NEW CUMBERLAND - Pointing to a correlation between drug abuse and property crimes, state and federal authorities arrested 22 individuals Thursday morning and were looking for 17 others who allegedly trafficked in heroin, cocaine, methamphetamine, oxycodone and marijuana in northern Hancock County.
A total of 39 people face charges in federal or state court as a result of the investigation into illegal drug trafficking in the Newell and Chester areas, which officials close to the probe characterized as a "significant" network.
The probe began in September and involved "extensive surveillance and many controlled purchases of narcotics," U.S. Attorney William Ihlenfeld II said at an afternoon press conferencing announcing the crackdown.
Ihlenfeld said the investigation and subsequent arrests dealt "a major blow" to the drug activity that has plagued northern Hancock County, and credited interagency cooperation for the success of the operation. The sweep was spearheaded by the Hancock-Brooke-Weirton Drug Task Force with support from the Ohio Valley Drug Task Force of Wheeling, Marshall County Drug Task Force, the Mountaineer Highway Interdiction Team, the Greater Harrison County Drug Task Force and U.S. Marshals.
"The biggest problem in this area is heroin, we're seeing more people overdosing and dying," said Ihlenfeld, adding the number of teens and young adults overdosing is "shocking."
Hancock County Prosecutor Jim Davis said the problems aren't all home grown- of the 39 people facing charges as a result of the probe, nine are from Ohio and six are from Pennsylvania. The other 24 are residents of Chester, Newell, New Cumberland, Weirton and Colliers.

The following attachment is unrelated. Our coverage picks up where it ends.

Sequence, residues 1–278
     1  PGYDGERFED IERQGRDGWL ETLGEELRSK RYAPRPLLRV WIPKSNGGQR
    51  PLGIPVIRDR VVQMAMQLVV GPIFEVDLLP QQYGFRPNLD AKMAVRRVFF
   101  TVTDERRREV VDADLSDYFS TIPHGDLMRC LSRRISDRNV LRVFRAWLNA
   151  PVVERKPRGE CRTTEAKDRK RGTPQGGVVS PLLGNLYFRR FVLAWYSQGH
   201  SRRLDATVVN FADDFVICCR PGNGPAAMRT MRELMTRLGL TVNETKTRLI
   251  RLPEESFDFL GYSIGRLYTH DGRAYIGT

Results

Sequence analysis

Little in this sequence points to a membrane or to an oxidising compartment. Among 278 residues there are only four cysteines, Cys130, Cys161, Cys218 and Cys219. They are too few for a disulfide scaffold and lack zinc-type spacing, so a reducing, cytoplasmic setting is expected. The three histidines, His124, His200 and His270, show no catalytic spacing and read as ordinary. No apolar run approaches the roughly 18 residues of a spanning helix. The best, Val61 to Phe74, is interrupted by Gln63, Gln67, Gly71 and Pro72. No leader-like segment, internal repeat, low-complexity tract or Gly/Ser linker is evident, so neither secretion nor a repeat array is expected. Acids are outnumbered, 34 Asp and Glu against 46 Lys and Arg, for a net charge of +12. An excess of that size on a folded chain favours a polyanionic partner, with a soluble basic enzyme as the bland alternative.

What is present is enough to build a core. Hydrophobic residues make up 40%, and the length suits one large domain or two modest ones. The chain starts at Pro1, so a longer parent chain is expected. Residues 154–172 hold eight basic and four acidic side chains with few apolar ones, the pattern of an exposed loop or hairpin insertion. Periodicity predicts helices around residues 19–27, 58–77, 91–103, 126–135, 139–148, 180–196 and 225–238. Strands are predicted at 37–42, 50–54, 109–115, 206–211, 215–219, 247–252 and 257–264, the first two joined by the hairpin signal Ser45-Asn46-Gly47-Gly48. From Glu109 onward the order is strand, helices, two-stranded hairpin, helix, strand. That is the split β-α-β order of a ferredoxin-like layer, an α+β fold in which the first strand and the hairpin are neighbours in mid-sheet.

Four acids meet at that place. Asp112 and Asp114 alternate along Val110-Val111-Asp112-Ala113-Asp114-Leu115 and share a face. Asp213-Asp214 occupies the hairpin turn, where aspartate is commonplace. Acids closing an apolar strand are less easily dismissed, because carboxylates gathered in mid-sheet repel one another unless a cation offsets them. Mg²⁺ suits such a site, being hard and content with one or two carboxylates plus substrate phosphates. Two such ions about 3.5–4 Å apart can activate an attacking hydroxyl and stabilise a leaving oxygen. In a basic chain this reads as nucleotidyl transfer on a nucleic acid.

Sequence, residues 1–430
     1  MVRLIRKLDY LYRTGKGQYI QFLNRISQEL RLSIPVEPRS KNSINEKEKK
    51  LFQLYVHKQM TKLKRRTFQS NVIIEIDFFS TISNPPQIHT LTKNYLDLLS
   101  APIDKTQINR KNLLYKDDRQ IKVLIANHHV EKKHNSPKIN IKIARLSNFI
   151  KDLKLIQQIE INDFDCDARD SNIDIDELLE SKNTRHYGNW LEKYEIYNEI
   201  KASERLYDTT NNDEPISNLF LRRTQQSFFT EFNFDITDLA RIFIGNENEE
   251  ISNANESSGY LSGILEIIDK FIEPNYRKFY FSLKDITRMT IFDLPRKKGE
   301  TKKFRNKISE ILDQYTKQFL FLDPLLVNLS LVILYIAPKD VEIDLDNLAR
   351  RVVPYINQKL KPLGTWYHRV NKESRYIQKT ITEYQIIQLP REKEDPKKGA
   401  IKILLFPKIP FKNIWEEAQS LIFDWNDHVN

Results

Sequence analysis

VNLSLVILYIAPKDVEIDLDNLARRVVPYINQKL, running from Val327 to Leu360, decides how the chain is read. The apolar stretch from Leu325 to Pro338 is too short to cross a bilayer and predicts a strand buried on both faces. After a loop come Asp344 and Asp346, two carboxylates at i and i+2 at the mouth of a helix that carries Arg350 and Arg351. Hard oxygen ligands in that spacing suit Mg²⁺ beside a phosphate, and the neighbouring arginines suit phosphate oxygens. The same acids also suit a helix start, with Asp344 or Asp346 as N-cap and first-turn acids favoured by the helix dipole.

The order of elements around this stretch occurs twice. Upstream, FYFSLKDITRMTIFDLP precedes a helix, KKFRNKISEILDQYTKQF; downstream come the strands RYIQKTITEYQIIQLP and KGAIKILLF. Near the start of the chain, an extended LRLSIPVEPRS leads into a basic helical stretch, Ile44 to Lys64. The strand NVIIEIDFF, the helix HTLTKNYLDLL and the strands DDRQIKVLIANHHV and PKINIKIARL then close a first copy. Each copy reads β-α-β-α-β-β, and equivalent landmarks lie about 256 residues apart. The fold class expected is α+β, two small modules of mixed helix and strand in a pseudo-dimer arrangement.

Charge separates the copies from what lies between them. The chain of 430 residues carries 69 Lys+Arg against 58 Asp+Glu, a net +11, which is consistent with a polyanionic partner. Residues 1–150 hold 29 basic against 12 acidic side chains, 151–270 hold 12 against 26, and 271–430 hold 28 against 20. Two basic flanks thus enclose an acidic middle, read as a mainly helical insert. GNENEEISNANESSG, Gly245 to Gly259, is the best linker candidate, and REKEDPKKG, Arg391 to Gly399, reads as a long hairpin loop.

"We've always had drug issues, but it's gotten much worse over the last decade," Davis said. "A lot of people are dying. The problem is we have Pennsylvania on one border, Ohio on the other ... these aren't exactly home-grown people."
Davis said the arrests put a dent in the drug distribution network, "but I'm not naive enough to think this ends our problem."
Sheriff Ralph Fletcher, who has made drug enforcement a priority since taking office in January, said there's a reason property crimes have increased as drug abuse has spiked.
"All the breakings and enterings, all the people stealing copper throughout the Newell and Chester areas, it's directly related to drugs," Fletcher said. "It's all related to people looking to get enough money to make their next buy. I don't have exact numbers, but I'd bet you 90 percent of all the different property crimes can be traced back to some type of drug problem, some addiction ... drug addicts start out stealing from their families, but end up branching out."
Fletcher said the arrests will cut into drug activity in the community, "but there's still a long way to go."
"The fact of the matter is there's a lot more problems out there," he said, adding voters he talked to when he went door to door during his campaign made it clear they were concerned with drug abuse and vexed by the increase in break-ins and thefts. "I can't tell you how many people reached out. Everybody had a story, everybody had a very intense, very strong desire to get something done."
Capt. Tim Bledsoe of the West Virginia State Police-Bureau of Criminal Investigations, called it a "great day for Hancock County," while State Police Capt. James Merrill pointed out there's "an epidemic in West Virginia when it comes to drugs" and said the statistics, if anything, "are under-inflated, not over-inflated."
Also participating in the press conference were Scott Masumoto, Drug Enforcement Agency assistant special agent in charge, and Albert J. Galietti, DEA resident agent in charge/West Virginia.